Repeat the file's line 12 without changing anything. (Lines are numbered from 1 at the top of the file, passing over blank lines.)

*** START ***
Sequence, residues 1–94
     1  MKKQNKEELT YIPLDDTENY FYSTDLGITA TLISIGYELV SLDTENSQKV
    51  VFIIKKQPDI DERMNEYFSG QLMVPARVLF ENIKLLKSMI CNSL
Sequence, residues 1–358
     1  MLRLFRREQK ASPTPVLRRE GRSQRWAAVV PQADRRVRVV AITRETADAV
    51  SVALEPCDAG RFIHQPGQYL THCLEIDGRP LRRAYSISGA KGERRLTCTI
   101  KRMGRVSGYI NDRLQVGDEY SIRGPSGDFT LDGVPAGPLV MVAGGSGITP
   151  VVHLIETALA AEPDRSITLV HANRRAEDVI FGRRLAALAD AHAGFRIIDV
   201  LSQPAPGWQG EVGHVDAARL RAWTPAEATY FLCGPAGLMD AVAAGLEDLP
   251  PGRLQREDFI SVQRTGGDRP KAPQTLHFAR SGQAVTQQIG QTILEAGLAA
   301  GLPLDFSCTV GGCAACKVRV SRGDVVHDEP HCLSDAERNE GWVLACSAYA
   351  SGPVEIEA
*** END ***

   351  SGPVEIEA